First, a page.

Night Market Culture Continues to Thrive

The 626 Night Market was born out of the desire to have something in Southern California that is similar to the night markets of Taiwan.  It started off in Pasadena a few years back to what amounted to be a block party to last weekend where they had 40,000 people converging into Santa Anita Park to enjoy the food and festivities.  Organizers have expanded the footprint to cover Orange County and downtown LA.  If you haven’t had the chance to go yet, there is one more schedule for the weekend of September 12-14.

Honey Maid Celebrates Single Dads, Gay Dads, Punk Dads and More

Ever since Cheerios struck unexpected marketing gold with its subtle ad about an interracial family, brands seem to have woken to the realization that inclusiveness can be a good thing. Or even a great thing.

And this week, no one’s more inclusive than Honey Maid. The graham cracker brand has launched a new spot from Droga5 called “This Is Wholesome,” featuring real-life parents from many different backgrounds. Although it’s only a :30, we see at least five different families, not one of which fits into advertising’s usual white, heterosexual paradigm.

There are gay dads, two mixed-race families (one military), a single dad and a punk-rock family that dances around dad’s drum kit. This level of ultra-diversity could easily feel forced if the footage hadn’t been selected and handled so deftly. The three corresponding documentary clips below also complement the campaign’s storytelling and highlight that these are real families and neighbors.

The warmth of the campaign gets doused a bit when corporate parent Mondelez International discusses the ad, but I suppose you have to give them points for practicality. The campaign’s news release opens with stats on the number of U.S. single-parent families (20 million) and Hispanic families (11.6 million), along with the fact that one in 12 marriages are interracial.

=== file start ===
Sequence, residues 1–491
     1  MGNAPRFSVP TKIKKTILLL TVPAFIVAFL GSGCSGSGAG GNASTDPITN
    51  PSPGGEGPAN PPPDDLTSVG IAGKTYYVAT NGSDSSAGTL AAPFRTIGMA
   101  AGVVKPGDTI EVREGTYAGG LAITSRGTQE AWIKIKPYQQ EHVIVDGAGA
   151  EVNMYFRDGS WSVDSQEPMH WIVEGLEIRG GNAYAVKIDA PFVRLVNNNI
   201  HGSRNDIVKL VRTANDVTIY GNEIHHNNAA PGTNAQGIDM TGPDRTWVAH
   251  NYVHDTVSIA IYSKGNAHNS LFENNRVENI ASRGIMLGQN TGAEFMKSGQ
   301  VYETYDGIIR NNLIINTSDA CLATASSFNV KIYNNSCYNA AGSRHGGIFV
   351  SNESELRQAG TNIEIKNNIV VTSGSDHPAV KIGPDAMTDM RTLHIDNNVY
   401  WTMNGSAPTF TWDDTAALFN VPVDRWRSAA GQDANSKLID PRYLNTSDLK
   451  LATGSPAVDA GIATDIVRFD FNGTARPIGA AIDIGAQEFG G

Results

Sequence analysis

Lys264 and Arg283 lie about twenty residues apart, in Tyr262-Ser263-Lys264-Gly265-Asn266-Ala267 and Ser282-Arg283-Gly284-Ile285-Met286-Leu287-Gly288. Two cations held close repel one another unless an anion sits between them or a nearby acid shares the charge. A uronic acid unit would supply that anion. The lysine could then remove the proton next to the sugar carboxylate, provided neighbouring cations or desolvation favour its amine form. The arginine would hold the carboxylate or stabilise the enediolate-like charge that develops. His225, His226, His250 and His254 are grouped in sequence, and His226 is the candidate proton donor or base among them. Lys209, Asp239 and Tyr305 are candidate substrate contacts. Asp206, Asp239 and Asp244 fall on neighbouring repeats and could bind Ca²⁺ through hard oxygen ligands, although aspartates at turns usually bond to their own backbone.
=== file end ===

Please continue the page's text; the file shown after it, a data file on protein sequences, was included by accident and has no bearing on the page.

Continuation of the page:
“We recognize change is happening every day, from the way in which a family looks today to how a family interacts to the way it is portrayed in media,” marketing director Gary Osifchin says in a statement. “We at Honey Maid continue to evolve and expand our varieties to provide delicious, wholesome products so they can be a part of everyday moments of connection in a world with changing, evolving family dynamics.”


Soda vs. Pop vs. Coke

But of all the important topics on which Americans disagree, nothing sparks more debate than a seemingly simple question: Is a carbonated beverage called soda, pop or coke?

If you sit down a group of people from different parts of the United States, you’re bound to come across a few cultural differences. But of all the important topics on which Americans disagree, nothing sparks more debate than a seemingly simple question: Is a carbonated beverage called soda, pop or coke?

The Atlantic created its own version of the famous 2003 Harvard Dialect Survey, in which former Harvard professor Bert Vaux polled thousands of Americans about how they pronounce certain words.

The Atlantic recreated the project by calling people across the country and asking them a few of Vaux’s questions. Then they layered the answers with North Carolina State University graduate student Joshua Katz’s heat maps .

Hear the various ways Americans pronounce the word “pecan” and the country’s divisive stances on what to call a foot-long sandwich.

[via Mashable]